If it's crap ... We'll tell you
The heart behind the hand behind the puppet
There are basically three ways to tell a story, written, verbal and film. Film captures all three in one medium, and Being Elmo tells the story of achievement and success attained by following a dream unequivocally. One cannot tell Kevin Clash's story however, without also telling the story of Sesame Street, Jim Henson and the talented and dedicated staff of the most beloved children's television program of all time. By following the story of Clash's life in chronological order, Constance Marks, Director, is able to bring this story to life, much like the way a puppeteer breathes life into the character of the puppet they perform with.
Mr. Clash is the artist who brought Elmo to life on Sesame Street, and Clash's story has at its heart the classic "rags to riches" factor. As a young boy in Baltimore, he became enamored with puppets while watching his favorite TV shows. With unwavering commitment the youthful Clash began creating puppets with the drive of the successful artist he was to develop into. As Marks follows his life from the backyards of Baltimore to New York City, Paris and beyond, one is left with a sense of the unlimited possibility that Clash's passionate drive cultivates. The story is told in the first person narrative and directly to the viewer. When the narrator Whoopi Goldberg or Clash himself are adding to this narrative, they are speaking directly to the audience. The film clips of Clash's life and rise to "Elmo" fame are blended beautifully in the first person. We see and hear Clash's parents telling the audience the story of how Kevin went directly from high school to New York.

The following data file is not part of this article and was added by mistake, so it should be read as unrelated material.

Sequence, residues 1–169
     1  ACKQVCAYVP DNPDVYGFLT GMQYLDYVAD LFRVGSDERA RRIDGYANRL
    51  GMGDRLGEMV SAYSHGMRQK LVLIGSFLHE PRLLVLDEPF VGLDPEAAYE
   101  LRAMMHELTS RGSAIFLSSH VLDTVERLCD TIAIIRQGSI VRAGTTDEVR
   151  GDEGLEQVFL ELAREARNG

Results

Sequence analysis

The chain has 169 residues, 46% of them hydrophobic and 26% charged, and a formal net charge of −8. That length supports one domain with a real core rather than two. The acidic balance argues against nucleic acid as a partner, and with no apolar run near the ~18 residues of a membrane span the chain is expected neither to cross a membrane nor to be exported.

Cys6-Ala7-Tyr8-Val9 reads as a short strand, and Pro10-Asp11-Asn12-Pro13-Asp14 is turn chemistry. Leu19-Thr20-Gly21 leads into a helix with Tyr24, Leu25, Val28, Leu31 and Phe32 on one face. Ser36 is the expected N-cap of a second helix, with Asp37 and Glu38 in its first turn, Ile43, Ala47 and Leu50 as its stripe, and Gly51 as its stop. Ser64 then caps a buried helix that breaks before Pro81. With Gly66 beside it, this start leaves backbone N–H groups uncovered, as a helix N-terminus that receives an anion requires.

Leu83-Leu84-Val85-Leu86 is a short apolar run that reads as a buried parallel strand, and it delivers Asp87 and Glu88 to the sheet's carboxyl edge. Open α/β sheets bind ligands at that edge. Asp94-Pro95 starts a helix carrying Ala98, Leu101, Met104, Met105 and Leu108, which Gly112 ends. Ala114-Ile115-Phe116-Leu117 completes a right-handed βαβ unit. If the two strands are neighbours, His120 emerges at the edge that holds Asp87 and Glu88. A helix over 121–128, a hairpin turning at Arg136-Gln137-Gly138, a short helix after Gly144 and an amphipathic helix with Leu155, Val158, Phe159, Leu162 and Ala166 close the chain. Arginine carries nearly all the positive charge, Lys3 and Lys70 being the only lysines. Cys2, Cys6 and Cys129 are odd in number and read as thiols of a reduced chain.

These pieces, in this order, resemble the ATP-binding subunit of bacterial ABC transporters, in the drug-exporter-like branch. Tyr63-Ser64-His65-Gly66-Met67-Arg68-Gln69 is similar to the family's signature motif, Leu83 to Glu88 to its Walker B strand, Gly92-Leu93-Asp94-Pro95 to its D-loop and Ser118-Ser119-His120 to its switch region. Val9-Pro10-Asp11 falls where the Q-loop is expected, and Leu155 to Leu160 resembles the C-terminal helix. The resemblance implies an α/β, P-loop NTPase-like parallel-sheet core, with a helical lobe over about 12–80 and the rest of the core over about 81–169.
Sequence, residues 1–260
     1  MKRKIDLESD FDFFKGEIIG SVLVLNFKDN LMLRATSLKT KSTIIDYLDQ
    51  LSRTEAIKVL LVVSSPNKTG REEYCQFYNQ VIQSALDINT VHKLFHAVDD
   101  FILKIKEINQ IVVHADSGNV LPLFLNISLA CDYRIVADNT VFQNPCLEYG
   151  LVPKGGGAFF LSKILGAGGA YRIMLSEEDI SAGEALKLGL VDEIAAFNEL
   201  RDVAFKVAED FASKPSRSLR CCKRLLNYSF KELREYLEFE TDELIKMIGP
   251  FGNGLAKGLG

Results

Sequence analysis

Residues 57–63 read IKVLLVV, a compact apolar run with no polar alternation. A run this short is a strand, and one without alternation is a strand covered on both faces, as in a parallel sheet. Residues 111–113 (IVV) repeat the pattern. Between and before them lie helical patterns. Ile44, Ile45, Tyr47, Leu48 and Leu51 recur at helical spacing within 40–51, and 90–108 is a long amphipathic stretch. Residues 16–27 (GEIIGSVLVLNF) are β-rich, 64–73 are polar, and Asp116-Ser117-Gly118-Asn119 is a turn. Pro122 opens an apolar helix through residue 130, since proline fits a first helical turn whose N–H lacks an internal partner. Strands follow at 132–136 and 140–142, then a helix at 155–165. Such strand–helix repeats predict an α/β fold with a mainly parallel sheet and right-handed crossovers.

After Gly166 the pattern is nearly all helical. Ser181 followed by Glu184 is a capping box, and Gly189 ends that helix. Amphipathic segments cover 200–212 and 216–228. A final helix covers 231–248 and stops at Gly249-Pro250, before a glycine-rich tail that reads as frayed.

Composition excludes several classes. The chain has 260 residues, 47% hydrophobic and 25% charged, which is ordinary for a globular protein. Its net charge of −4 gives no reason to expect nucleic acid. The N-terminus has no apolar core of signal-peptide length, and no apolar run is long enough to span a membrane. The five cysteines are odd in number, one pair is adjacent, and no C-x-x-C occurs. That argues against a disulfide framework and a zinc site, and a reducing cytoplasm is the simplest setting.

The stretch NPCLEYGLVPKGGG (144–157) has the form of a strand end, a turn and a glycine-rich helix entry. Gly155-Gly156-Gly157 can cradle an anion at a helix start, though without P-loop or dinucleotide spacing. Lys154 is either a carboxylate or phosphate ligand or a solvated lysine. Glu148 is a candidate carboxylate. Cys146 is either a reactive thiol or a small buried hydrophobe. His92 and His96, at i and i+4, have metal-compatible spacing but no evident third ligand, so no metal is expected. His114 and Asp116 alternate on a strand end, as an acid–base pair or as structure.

Being Elmo has the distinct advantage of a story told about performances on TV, thus having many clips, episodes and interviews from which to draw. Marks brilliantly weaves the elements of Clash's story, his life and rise as a puppeteer together with a combination of clips, narration of Goldberg, Clash himself and a wide variety of others. In the telling of this intimate, moving and beautifully done story, Director Constance certainly hits her Marks.